Yesterday, President Obama gave a speech in front of one neoclassical building (the Stock Exchange), facing another even more storied neoclassical bulding (Federal Hall). To paraphrase Kingsley Shacklebolt, say what you will about the President, but the man has style.
The speech, too, represented a well-delivered move towards the political center, couched in the rhetoric of moderation and populist imperatives. Answering the charge of “socialism” and extraordinary intervention in the private sector, he framed the more extreme actions of his first half-year as the inevitable product of its converse:
So I certainly did not run for President to bail out banks or intervene in the capital markets. But it is important to note that the very absence of common-sense regulations able to keep up with a fast-paced financial sector is what created the need for that extraordinary intervention. The lack of sensible rules of the road, so often opposed by those who claim to speak for the free market, led to a rescue far more intrusive than anything any of us, Democrat or Republican, progressive or conservative, would have proposed or predicted.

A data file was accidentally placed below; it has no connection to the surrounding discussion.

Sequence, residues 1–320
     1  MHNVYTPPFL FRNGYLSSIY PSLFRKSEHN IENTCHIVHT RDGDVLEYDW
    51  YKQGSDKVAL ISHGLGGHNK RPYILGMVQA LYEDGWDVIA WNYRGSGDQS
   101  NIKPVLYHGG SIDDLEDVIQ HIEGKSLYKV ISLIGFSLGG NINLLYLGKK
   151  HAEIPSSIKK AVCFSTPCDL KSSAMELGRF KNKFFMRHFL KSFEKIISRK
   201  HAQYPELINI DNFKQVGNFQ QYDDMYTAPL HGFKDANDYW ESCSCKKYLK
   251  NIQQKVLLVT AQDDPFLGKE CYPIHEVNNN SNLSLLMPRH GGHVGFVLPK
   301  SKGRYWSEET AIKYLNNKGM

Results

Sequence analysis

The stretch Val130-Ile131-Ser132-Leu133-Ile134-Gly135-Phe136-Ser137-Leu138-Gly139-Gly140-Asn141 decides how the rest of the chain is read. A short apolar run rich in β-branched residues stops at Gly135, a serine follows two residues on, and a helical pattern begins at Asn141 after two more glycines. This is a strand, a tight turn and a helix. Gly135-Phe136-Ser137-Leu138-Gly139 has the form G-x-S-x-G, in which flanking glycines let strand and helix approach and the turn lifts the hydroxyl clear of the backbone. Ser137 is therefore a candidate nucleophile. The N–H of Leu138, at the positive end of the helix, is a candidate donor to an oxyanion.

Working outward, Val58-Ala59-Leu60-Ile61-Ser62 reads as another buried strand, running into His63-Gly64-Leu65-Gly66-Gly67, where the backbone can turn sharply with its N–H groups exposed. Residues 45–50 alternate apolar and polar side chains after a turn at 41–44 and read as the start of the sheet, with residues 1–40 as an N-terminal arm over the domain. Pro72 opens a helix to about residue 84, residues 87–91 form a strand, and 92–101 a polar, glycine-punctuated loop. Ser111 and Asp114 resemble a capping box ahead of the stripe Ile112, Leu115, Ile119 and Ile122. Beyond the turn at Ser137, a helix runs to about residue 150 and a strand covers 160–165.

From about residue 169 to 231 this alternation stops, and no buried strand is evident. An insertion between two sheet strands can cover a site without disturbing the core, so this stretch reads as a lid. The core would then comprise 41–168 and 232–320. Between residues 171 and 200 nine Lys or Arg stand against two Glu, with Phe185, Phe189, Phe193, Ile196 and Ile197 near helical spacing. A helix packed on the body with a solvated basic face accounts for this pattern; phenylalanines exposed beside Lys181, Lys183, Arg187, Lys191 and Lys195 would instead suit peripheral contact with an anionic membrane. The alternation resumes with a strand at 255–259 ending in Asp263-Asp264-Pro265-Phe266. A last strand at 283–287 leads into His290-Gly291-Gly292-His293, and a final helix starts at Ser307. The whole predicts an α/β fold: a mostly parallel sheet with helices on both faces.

Rhetorical twists like this may restore the President to his former popularity, especially because the GOP’s more ridiculous moves mean that it has, in fact, vacated the political center. 66% of Americans frown on the GOP “response” to Obama’s health care address, and polling data roundly find Republicans more distrusted and considered more of an impediment to meaningful progress than Obama. Congressional Republicans may have Obama one move from stalemate, but if he keeps playing like this, one move is all he’ll need.